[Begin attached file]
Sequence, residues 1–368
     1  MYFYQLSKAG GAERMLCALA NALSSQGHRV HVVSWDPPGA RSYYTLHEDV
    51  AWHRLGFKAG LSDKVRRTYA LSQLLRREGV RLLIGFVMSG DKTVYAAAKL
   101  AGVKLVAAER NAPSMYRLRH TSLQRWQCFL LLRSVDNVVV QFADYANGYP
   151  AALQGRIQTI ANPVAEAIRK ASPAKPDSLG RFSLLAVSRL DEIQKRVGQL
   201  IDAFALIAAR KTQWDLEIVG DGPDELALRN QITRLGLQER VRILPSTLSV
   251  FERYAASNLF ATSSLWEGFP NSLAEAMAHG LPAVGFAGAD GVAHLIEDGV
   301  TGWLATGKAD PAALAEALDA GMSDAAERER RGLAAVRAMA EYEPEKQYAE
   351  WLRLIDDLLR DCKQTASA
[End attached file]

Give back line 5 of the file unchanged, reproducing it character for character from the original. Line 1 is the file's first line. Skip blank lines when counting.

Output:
   151  AALQGRIQTI ANPVAEAIRK ASPAKPDSLG RFSLLAVSRL DEIQKRVGQL